Cecil Polhil (1860-1938).

Cecil H. Polhil was born into a wealthy family at Howbury Hall near Bedford in England. His father was a member of Parliament and of great respect. He was educated at Eton and Cambridge after which he served as an officer in the Dragoon Gaurds. His brother Arthur was saved through the powerful evangelistic ministry of D.L. Moody. When Cecil attended Moody's meetings he came under conviction of sin which finally led to his salvation.

The life, testimony and work of Hudson Taylor had a profound affect upon him. Along with his brother Arthur and C.T. Studd he felt the call of God to the Chinese mission field with Taylors ministry called the Chinese Inland Mission or CIM. This mission never made appeals for money or made known its needs to man. Its workers trusted God alone, yet were never in debt and were able to penetrate deep into China with hundreds of faithful workers. Before leaving for China in 1885 he travelled with the Cambridge Seven around Britain holding meetings, seeing hundreds saved every where they went and many young students dedicating themselves to missionary service. Over the next years he ministered in China and India but always with a great burden and drive to reach into Tibet. Hudson Taylor's strong faith and prayer life left a mark on the young zealous Polhill. After 15 faithful years of missionary labour he had to leave China during the boxer rebellion in 1900 after which he returned to Britain with his family. 

While passing through America in January 1908 on a return journey from China he heared of the Pentecostal outpouring of the Holy Ghost in Los Angeles. He made his journey to Azusa Street seeking for the Baptism in the Holy Ghost. After recieving a mighty baptism he returned to Britain and soon joined up in fellowship with A.A.Boddy. That year at Sunderland the Pentecostal Missionary Union (PMU) came into being with Polhill elected the first President (1909-25). Over the following years this union sent missionaries to China, India, Tibet, Congo and Brazil. Also the same year (1908) he started weekly meetings in Sion College, London. In these meetings a number of students and future leaders were saved, baptized in the Holy Ghost and healed, as well as making there first attempts to testify publicly. He established separate training homes for both men and women in the city. And also an annual Whitsuntide convention in London similar to those in Sunderland. Polhill helped the Jeffreys brothers at an early stage in their ministry and financially sponsored young George Jeffreys who had been recommended to attend the Preston Bible College under Myerscough. A few years later he brought Donald Gee from his struggling church in Edinburgh to play the piano at one of Stephen Jeffreys Campaigns in London.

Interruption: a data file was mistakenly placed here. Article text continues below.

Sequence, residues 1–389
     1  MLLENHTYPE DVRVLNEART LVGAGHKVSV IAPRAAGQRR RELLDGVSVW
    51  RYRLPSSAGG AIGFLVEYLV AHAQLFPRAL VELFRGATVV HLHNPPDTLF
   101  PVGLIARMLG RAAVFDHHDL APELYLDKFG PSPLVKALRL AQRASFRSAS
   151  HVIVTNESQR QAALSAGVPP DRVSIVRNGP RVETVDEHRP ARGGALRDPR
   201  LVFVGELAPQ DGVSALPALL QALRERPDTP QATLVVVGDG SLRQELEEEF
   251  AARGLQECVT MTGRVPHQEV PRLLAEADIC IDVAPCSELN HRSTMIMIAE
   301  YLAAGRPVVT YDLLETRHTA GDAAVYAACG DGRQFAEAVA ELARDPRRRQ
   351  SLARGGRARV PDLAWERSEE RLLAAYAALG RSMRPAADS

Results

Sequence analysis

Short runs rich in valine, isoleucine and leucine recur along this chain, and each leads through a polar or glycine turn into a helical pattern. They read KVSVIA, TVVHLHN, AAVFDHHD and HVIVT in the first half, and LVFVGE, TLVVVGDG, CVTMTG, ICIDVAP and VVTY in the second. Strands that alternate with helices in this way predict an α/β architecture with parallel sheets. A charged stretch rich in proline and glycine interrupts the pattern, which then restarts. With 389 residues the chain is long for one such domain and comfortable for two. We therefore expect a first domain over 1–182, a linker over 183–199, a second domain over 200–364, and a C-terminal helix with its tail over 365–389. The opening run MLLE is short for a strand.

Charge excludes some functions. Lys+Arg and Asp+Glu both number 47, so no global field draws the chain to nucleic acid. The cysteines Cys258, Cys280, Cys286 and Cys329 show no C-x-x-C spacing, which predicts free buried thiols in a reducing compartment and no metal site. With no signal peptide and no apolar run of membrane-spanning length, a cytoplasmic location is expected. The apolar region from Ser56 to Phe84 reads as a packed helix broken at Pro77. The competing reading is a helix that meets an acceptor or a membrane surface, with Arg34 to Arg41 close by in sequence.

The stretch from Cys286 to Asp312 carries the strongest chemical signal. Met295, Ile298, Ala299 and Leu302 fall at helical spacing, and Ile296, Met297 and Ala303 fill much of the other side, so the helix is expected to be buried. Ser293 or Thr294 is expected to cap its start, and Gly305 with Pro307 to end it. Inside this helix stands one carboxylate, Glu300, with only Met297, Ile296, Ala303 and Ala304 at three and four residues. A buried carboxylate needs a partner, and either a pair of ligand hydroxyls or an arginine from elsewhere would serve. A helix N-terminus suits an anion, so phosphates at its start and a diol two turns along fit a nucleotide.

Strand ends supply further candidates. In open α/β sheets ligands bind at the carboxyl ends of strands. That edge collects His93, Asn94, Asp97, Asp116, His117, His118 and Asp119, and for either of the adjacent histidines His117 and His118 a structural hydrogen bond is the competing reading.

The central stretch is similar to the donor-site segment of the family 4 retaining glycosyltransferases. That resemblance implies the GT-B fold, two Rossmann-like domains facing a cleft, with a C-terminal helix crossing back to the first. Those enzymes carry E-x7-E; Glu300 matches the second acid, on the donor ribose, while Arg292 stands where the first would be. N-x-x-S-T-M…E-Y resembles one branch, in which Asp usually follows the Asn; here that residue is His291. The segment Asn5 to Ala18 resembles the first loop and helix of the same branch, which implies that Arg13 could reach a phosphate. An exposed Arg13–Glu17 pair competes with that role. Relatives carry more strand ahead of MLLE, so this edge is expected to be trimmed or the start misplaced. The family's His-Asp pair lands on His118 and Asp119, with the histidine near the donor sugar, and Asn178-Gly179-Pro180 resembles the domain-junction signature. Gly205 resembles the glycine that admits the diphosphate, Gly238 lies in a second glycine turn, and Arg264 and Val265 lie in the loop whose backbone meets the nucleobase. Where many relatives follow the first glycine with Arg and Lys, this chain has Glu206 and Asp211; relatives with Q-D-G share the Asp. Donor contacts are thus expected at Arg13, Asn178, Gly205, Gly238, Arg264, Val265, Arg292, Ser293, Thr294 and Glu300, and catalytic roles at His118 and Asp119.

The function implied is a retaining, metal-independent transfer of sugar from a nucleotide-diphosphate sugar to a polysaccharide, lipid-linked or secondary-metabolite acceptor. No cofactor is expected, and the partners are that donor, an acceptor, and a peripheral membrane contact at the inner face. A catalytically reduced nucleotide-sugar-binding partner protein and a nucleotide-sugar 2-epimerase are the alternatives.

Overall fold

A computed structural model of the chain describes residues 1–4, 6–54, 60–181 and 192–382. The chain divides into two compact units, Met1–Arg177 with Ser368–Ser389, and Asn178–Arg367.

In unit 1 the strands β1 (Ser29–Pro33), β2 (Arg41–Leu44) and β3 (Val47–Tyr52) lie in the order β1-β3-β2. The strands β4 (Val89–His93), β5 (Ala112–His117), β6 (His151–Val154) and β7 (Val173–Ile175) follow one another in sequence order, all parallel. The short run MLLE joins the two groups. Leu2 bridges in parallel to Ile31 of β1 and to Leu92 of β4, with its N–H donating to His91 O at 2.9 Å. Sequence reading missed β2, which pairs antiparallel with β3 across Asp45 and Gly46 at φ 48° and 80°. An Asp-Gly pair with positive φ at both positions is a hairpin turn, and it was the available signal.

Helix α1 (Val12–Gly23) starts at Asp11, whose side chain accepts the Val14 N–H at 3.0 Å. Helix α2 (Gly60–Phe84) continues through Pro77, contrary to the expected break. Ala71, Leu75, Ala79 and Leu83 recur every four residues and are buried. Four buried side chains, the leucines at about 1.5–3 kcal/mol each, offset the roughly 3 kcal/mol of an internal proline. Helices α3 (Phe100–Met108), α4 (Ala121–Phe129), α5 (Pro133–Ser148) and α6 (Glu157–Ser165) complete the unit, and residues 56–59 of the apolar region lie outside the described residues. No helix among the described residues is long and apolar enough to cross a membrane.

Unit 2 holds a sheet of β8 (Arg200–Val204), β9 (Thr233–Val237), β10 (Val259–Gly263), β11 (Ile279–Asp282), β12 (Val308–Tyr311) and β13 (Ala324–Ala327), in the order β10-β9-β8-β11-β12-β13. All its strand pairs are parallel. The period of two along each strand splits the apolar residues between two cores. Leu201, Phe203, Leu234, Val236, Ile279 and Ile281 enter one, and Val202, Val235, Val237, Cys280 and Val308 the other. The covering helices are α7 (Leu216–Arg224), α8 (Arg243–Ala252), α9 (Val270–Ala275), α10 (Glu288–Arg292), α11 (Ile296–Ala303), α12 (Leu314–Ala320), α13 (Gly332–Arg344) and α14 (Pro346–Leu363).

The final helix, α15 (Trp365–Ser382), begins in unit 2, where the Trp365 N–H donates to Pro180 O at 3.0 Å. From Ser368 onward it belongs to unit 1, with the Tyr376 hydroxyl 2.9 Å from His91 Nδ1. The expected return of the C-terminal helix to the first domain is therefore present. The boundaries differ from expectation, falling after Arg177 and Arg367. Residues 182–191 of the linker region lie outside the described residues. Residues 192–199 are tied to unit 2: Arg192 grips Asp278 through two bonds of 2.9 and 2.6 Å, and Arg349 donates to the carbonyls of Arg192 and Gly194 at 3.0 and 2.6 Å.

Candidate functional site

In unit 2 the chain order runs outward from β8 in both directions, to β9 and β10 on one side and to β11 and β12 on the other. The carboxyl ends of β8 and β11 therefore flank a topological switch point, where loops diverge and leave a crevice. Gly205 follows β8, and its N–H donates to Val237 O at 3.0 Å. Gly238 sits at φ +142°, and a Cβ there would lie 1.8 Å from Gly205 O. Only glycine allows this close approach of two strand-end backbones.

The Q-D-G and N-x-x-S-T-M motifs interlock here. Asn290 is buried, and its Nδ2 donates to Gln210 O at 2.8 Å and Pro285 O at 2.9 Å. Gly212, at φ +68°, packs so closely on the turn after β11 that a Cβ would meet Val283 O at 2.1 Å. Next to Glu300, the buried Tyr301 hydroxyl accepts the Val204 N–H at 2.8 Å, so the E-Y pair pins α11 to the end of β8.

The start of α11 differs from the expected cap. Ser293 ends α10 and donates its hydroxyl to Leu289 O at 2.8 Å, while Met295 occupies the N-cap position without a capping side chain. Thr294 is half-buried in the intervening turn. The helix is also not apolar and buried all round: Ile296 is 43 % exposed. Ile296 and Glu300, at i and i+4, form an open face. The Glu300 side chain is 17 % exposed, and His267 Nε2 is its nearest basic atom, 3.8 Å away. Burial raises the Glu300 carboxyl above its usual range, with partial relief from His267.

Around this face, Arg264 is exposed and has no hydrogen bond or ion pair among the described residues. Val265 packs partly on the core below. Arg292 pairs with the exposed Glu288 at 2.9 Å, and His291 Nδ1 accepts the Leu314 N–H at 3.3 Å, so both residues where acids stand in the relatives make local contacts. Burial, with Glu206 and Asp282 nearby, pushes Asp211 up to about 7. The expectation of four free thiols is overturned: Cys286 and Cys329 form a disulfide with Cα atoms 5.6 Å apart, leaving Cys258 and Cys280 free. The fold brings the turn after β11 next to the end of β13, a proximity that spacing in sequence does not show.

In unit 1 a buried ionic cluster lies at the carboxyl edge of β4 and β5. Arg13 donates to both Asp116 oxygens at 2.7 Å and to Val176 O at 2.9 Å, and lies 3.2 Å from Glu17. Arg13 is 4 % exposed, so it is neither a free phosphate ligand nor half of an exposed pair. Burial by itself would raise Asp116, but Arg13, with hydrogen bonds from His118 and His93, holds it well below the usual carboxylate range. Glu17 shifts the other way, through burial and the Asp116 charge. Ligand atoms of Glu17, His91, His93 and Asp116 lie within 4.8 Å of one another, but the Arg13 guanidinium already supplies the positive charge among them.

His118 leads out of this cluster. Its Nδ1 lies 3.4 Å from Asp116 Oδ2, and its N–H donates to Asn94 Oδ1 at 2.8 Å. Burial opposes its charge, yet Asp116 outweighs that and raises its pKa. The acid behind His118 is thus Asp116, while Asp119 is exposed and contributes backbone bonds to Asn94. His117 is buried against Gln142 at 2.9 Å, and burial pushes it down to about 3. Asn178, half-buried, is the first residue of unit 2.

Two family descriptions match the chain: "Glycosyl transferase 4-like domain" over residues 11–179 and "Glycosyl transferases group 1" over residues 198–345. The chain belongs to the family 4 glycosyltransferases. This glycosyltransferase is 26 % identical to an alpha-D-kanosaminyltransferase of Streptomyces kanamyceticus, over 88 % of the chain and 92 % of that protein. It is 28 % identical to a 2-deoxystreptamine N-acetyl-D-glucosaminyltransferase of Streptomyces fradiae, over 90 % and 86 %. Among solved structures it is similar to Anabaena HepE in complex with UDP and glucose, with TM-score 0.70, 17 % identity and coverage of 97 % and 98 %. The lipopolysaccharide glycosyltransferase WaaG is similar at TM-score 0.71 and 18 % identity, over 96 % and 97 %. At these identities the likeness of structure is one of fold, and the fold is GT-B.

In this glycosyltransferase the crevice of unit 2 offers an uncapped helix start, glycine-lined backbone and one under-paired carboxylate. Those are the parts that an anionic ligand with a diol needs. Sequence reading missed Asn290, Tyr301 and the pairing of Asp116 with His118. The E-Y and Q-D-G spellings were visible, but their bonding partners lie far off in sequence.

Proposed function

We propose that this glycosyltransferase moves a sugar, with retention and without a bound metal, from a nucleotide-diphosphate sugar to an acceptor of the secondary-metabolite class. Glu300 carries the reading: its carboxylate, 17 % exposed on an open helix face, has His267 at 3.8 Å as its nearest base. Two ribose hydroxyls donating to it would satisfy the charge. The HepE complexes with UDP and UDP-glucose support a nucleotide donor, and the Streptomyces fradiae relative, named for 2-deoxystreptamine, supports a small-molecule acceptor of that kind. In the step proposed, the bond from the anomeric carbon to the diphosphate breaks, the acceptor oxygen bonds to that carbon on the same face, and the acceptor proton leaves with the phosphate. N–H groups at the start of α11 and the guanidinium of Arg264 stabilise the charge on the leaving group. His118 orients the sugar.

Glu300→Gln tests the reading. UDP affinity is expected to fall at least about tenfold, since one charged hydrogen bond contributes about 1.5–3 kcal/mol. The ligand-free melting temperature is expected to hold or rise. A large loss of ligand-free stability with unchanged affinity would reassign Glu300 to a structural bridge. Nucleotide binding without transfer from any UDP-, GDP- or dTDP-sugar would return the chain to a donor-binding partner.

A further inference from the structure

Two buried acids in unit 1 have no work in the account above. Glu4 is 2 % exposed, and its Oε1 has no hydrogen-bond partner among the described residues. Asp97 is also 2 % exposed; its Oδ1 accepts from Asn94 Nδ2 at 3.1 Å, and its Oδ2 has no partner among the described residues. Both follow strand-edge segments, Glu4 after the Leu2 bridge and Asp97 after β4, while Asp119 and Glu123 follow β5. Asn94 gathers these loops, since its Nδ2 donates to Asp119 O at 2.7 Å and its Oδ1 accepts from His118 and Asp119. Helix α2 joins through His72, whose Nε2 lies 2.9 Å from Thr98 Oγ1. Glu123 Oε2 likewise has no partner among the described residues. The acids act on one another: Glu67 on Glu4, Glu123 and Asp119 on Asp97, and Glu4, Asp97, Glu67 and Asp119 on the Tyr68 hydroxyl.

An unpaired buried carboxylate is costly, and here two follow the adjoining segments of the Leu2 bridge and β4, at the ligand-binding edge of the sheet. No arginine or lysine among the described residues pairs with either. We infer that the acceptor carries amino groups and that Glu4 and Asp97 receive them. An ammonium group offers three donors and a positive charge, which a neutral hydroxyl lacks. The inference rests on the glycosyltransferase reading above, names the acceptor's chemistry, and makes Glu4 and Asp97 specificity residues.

He carried the responsibility of training and sending out the first Pentecostal missionaries. His experience and missionary burden were critical in moulding this revival from the beginning to look out with a vision of the harvest fields in foreign lands. During the rest of his life he would make several short missionary trips back to China. His financial help, missionary vision and training facilities were of great importance at this early, formative stage to Pentecostal believers. Like Alexander Boddy, he remained within the Anglican Church and had no desire to see a new separate Pentecostal denomination established. A missionary Union was one thing, but a denomination quite another. During the whole period of his ministry with the Pentecostal Movement he also remained on the Council of the C.I.M. until his death in 1938.

by Keith Malcomson.

Cecil Pohill was edited from "Pentecostal Pioneers Remembered" by Keith Malcomson. Copyright 2008 by Keith Malcomson. No part of this article may be reproduced without the permission of the author.

Days of Blessing in Inland China by M. Beauchamp. A tremendous record of the Cambridge Seven and J Hudson Taylor in Shan-si province, China during a period of revival. It contains first-hand accounts of the early ministries of C T Studd, Pastor Hsi, Cecil Polhill others. Read More...



by Keith Malcomson.

Here is a story long untold and mostly forgotten, of faith, power and glory.

This book commemorates the 100th Anniversary of the Pentecostal Movement in Great Britain & Ireland, 1907-2007. Herein is the story of the Men, the Movement, the Message and the Miracles that became known as the Pentecostal Movement. These testimonies are timeless, powerful and stirring but sadly most of these pioneers have long disappeared from the sight and remembrance of the church. This is a very simple attempt to stir up the mind of the church to remember these men and women who so impacted families, cities and nations by a life of consecrated prayer, crowned and sealed with Holy Ghost power. Amongst them you will find pastors, teachers, evangelists, prophets and apostles. Although all these pioneers were born in Britain & Ireland yet their ministries deeply affected the world. Their influence and power was amazingly greater than their birth, upbringing, number, education or financial resources. These testimonies will deeply inspire another generation to go and do likewise.

"I take great pleasure in writing the foreword for this book written by Keith Malcomson...I believe the reading of this book...of how God used these men to recover the spiritual in their day will greatly encourage us, especially the preacher, to believe God to do it again." B.H. Clendennen

New Edition will be avilable for Christmas - December 2017

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